Oh, look. Here they come. Finally, we think in unison.
Everyone vie now for a front-row seat. It’s a fact: the first person to see the suitcase owns the suitcase.
Six, seven, eight arrive, then nothing. What? Where are the rest?
Looming large above claim windows, shadows of men bathed in a sickly red light move around outside but no bags. No bags for you. Or me. Any of us.
We do our shuffle to the bag gods. Two left feet then three right means your bag made it through Heathrow. Check our watches. Refresh our Twitter streams — oh, wait, no data in this country. Well, yes, data, but mama didn’t raise no boy to spend $20 US on a megabyte. No, sir.
Five sad bags remain on the conveyor, around and around. Together we cry: what a waste. Their owners not even here. But we’re here. Like bald men lamenting the travesty that is a perfect head of hair on a convicted murderer.
Then, suddenly, another spurt — more this time. A jackpot of bags. Daniel Day-Lewis cries out in joy. The jockeying intensifies.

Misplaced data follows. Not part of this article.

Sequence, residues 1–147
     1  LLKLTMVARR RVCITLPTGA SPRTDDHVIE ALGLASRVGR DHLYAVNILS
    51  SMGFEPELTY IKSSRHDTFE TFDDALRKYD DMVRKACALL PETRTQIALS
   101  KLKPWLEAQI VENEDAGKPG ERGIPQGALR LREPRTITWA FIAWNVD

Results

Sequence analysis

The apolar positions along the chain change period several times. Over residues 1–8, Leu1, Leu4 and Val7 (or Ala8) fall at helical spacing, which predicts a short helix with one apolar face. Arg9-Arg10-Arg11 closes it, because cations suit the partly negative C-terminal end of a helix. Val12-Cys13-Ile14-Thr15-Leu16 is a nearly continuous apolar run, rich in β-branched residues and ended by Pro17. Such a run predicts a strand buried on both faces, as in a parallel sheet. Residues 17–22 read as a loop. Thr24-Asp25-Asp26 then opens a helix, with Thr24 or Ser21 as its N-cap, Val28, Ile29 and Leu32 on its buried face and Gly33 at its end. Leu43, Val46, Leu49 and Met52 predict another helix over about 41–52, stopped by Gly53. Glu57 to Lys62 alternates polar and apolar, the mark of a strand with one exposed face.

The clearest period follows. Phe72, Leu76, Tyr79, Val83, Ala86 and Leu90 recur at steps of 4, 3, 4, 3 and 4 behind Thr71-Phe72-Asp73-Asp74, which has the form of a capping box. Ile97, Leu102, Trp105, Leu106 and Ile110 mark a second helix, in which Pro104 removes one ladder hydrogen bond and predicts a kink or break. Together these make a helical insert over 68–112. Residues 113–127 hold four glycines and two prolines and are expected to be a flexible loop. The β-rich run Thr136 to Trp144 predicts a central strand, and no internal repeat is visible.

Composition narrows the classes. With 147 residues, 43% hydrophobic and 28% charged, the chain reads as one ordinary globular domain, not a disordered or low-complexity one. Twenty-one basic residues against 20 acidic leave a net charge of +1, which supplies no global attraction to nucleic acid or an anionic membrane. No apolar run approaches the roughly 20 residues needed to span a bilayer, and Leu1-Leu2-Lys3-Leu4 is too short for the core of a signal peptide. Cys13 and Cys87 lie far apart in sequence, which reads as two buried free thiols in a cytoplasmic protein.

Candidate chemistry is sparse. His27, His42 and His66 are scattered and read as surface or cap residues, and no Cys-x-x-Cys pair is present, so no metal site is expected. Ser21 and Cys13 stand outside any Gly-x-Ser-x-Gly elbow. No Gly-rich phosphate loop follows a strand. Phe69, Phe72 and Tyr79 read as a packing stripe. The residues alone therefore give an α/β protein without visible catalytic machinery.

Around the bag straightener a gaggle materializes. Straighten my bag, bag straightener man. Bribes to you if you’ll make the next bag ours.
For what seems like hours he doesn’t. Not our, not ours, nope, nope. And then, maybe? Yes. It could be. Looks like it. Eyes tracking it around the bend, down the straightaway. Take your eyes off for a second and it’s guaranteed to be gone. A … little … farther … and … yes. Ours. Knew it. Could spot you anywhere.
Off the belt, onto the cart, and away we go. So long, best of luck, we’ll send a postcard from just beyond customs.
Coming to terms with Loneliness
The going away of things
In the end
I can't seem to be optimistic about the things that would benefit from optimism. As a pessimist, my optimism is always irrational.
Fear of Forgetting
When I was a child, I realised I was invisible. I was a terrified, quiet girl who blended into the background.
Failure.We all have dreams, we are all encouraged to dream. The world is ours, all we have to do it take it.